All around us there are celebrations happening – graduations, weddings, reunions of friends and families who have been apart for over a year, new jobs; you name it we are celebrating and for good reason! Big events in our lives, big accomplishments and major milestones in life are definitely worth celebrating. But not everyone is celebrating. Some people are experiencing disappointment or uncertainty. They didn’t get the grades that they expected or wanted; they don’t have an internship or job for the summer yet; they didn’t get the promotion that they thought they would get; they don’t yet know where they will go to school next fall; they can’t keep up with the expectations that life keeps throwing at them.

For people with ADHD, these scenarios  are all too familiar, and yet they too, long to celebrate and be celebrated; to be seen for their accomplishment, to meet the expectation of others and of themselves, to be on the Dean’s list, to get that promotion, to follow through with what they said they would do. They are not going through life wishing that they could disappoint others, including themselves. In fact, our clients many times say things like, “why can’t I just do it?”. Unfortunately, parents, teachers, or adults tend to perceive these actions (or lack thereof) as intentional, as willful or as a lack of motivation which only feeds into the ongoing experience that the person with ADHD has of disappointment, of  shame, and of being “broken”.  What if instead of seeing  the person as lazy or unmotivated, we could see them as not having the skills and offer them help and compassion and be with them in their experience of disappointment – and we could look for their mini successes and celebrate with them.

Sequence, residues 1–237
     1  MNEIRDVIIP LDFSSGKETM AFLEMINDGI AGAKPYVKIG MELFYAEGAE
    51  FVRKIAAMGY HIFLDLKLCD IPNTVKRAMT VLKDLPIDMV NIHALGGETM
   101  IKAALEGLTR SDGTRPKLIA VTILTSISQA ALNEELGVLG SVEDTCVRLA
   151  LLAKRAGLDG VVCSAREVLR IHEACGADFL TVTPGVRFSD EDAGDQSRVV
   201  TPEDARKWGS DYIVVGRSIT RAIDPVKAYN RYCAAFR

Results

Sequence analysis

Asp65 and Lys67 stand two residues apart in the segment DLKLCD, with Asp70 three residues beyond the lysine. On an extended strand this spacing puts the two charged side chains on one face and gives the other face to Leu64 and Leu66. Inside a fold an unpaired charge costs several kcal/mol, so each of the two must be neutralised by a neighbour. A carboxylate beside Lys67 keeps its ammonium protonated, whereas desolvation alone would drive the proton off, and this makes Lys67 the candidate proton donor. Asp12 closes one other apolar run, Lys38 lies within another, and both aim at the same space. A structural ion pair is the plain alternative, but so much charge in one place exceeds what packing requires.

At EEC we do just this. We work with our clients and with other professionals to help change the narrative that people with ADHD are lazy or unmotivated. Our approach is informed by psychologist and author, Ross Greene whose philosophy is that kids do well if they can and if they can’t it is because they lack skills.  While helping our clients build new skills, we also help them see the good, the strengths, the success. At the heart of our coaching is not just skill building; it is connection, compassion, hope, and yes, celebration! Life is hard when you have ADHD. There are numerous obstacles, and those are easy to see because they happen repeatedly throughout the day and people notice those and point them out constantly. It’s time to start seeing the successes in the lives of people with ADHD and to celebrate them, no matter how big or how small because each day deserves a celebration and little celebrations can lead to big celebrations! Can you join us and see and name what you or your child is doing well? Share them with us so that we can celebrate with you and build a community – a wall of celebration and wonderful –  that sees the good, names the good, and celebrates the many things that so often are overlooked.